Fans’s Forum appears each month in Rant Monthly.
James, A Kick in the Grass
Fans and pundits ask why this famous competition has lost its gloss. The answer to that is, sadly, the FA Cup has been ruined by the pursuit of money. Not just by the club’s, but also by the hapless FA. A quick look at the numbers tells us part of the story: United earned £46 million for reaching last year’s Champions League final; in contrast, this year’s FA Cup winner will receive just £1.8m (excluding money from ticket sales). No wonder the FA Cup has lost its shine as far as the clubs’ are concerned.
As far as the fans are concerned, we have been systematically ripped-off by the FA for decades when paying for Cup final tickets. Despite the sky high cost of final tickets there was never any shortage of buyers – not least because the FA have always had an unfair ticket distribution system for the finalists.
But now the situation is in some ways much worse, because we are being fleeced to pay for the rebuilding of Wembley. Gone are the days when FA Cup semi-finals were played at neutral grounds – and that decision was taken for one reason alone – to pay for those scandalous Wembley rebuilding costs. FA Cup semi-finals used to be played at neutral grounds. United fans have many fantastic memories from stadiums such as Villa Park, Hillsborough, Maine Road and Goodison Park. No more, all FA semi-finals are played at the final venue…the new Wembley.
The competition was dealt another major blow when the decision was taken to scrap FA Cup semi-final replays – who will forget the epics with Arsenal in 1999 and before that Liverpool in 1979 and 1985. The FA Cup is no longer the competition it once was, the clubs are partly to blame, but the biggest culprits are the FA themselves. The FA Cup should mean a lot to me, but that simply is no longer true.
James, Written Offside
I started supporting United in the early 80s so the FA Cup became a realistic goal each season bearing in mind the dominance of Liverpool in the league. It will always hold a special place in my heart for a number of reasons. Firstly it was the first trophy I saw United win – the 1983 final against Brighton. I must have watched the game a hundred times or so as I could recall John Motson’s commentary for years afterwards. Subsequent victories in 1985 and then 1990 are also special for a variety of reasons.
The win over Everton due to the never say die spirit exhibited following the ludicrous dismissal of Kevin Moran culminating in Whiteside’s delicious curled effort past Southall and the triumph over Palace due to it kick starting the dominance we have been privileged to experience under the leadership of Alex Ferguson.
The FA Cup also transcends the sport – it is known throughout the world as the oldest cup competition. I have fond memories of the anticipation of the third round draw and the family huddling around the radio to hear who Ipswich (my local team) were drawn against with me secretly wishing they would meet United so I could go to see the mighty Reds up close. In recent years the lack of importance placed in the competition by the bigger clubs has saddened me.
Personally I would like nothing more than to see United lift the trophy once again as it has been too long but with those rich neighbours of ours standing in the way on Sunday, expectation will go on hold for 90 minutes.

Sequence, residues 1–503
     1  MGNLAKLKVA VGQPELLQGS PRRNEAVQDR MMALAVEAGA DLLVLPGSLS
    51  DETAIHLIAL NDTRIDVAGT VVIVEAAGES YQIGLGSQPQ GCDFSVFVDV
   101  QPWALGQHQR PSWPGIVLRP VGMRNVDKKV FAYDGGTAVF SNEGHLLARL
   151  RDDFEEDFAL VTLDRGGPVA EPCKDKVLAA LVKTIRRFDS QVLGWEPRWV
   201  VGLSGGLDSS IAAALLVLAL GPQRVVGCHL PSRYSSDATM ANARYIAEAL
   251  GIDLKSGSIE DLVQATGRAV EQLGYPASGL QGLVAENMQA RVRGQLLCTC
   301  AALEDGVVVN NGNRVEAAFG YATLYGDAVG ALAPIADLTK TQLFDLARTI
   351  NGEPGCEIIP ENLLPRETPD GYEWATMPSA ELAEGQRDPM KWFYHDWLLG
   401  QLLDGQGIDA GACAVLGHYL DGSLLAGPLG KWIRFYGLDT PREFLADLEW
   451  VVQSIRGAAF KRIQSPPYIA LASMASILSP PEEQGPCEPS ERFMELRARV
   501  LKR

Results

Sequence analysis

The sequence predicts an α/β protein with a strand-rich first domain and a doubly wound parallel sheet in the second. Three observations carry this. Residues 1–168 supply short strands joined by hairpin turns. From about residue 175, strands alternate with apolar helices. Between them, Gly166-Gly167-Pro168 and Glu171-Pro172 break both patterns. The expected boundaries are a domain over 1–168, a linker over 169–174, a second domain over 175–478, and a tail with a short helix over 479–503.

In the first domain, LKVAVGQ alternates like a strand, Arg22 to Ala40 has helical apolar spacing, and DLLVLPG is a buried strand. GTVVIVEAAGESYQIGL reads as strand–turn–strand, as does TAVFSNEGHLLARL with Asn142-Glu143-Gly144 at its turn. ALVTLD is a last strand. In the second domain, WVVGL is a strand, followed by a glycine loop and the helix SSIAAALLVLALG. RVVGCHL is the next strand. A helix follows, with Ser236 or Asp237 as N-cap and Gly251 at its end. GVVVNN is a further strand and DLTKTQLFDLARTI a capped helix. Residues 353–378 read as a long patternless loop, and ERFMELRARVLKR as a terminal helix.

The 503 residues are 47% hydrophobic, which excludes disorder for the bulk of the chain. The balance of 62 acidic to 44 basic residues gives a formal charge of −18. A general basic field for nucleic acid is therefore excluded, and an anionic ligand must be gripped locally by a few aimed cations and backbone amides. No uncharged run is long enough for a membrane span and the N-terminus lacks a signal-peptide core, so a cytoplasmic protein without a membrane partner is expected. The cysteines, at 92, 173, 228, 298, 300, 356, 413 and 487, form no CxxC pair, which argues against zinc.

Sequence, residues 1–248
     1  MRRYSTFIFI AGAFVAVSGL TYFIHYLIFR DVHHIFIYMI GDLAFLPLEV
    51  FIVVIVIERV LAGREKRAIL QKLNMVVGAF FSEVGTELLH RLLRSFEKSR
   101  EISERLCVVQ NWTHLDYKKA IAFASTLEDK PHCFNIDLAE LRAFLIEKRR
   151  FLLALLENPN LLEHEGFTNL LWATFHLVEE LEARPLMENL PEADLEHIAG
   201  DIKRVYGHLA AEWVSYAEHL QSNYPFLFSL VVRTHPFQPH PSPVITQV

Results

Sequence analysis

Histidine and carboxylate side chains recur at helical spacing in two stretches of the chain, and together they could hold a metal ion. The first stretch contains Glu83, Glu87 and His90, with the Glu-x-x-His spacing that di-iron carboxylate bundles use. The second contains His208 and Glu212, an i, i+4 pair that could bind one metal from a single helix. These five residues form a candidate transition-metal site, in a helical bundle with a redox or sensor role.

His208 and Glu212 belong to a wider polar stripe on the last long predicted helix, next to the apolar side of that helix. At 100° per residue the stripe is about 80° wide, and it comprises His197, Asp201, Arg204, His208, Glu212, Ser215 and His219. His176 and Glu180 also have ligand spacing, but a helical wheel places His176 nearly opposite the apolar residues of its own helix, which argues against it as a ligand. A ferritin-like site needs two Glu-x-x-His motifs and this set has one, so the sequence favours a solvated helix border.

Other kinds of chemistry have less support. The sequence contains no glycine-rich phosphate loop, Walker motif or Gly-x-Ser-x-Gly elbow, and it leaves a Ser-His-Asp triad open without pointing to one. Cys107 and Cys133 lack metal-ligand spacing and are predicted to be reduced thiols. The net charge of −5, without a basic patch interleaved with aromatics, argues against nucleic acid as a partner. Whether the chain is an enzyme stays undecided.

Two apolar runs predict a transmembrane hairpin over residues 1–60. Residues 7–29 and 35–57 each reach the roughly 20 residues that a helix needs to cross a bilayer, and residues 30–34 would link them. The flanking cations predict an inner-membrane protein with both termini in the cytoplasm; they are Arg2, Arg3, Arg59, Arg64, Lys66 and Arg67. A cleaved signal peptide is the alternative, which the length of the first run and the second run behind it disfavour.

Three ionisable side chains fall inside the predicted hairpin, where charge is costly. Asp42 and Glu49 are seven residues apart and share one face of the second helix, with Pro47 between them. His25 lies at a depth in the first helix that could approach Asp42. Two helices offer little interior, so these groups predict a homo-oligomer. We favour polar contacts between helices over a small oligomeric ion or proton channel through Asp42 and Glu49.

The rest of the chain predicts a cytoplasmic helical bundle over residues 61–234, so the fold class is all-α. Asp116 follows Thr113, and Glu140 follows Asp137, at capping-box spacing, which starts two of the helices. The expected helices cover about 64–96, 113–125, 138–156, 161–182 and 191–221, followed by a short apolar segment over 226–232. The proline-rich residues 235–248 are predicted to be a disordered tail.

Doron, Stretty Rant
The strength and intensity of the Premier League has seen the FA Cup somewhat devalued recently; no longer do the two competitions feel in sync, rather the league is given preferential treatment. I went through a stage of certainly feeling that way, articularly when Chelsea were winning the FA Cup – I saw it as a consolation prize.
Given how much success we’ve had since we last won it, it’s surprising United haven’t done better in the competition. Moreover, the fact we’ve come close and gone out rather controversially a few times simply adds to the desire to win it again. It is a great competition and despite new Wembley’s flaws there’s still something special about being able to sing “Que sera sera…”
It’s been over a decade since United allegedly ruined the FA Cup. Only a few months before we won it (the most times any club ever has) scoring THAT goal on the way. Devaluing it my arse. The FA Cup does mean a lot. We grew up with it as Reds in our DNA. It was what we clung on to in the 80s, 1990 may well have saved Fergie, and many of the victories since have been exceptional. Yes the Champions League is now our preferred cup, and yes that’s changed the relevance of the domestic cups, but not to the extent
some like to make out.
I was on cloud nine when Eric slotted home against Chelsea in 94 (not to mention the Hughes last gasp equaliser in the semi), we all remember his goal two years later, and many of the other matches along the way stand out too. Coming back from two down at Villa; the various semis against Arsenal; trips to random places Northampton, Burton and Exeter; larger allocations of Reds following the team around the country; and of course many of the losses hurt too. Did the FA cup matter when we lost to Leeds? Or when we lost to a Crouch goal at Anfield? Or to Pompey and West Ham at OT? Of course it did, of course we cared.
And, most of all, we will care about the result of our third round. The win would feel as sweet as any other victory against City, but equally a loss will severely sting.
Also worth reading:
- Project FA Cup
- Dozen games to win a treble
- The goal
- Reds put boot in on Blues ahead of semi
- Manchester decamps for cup semi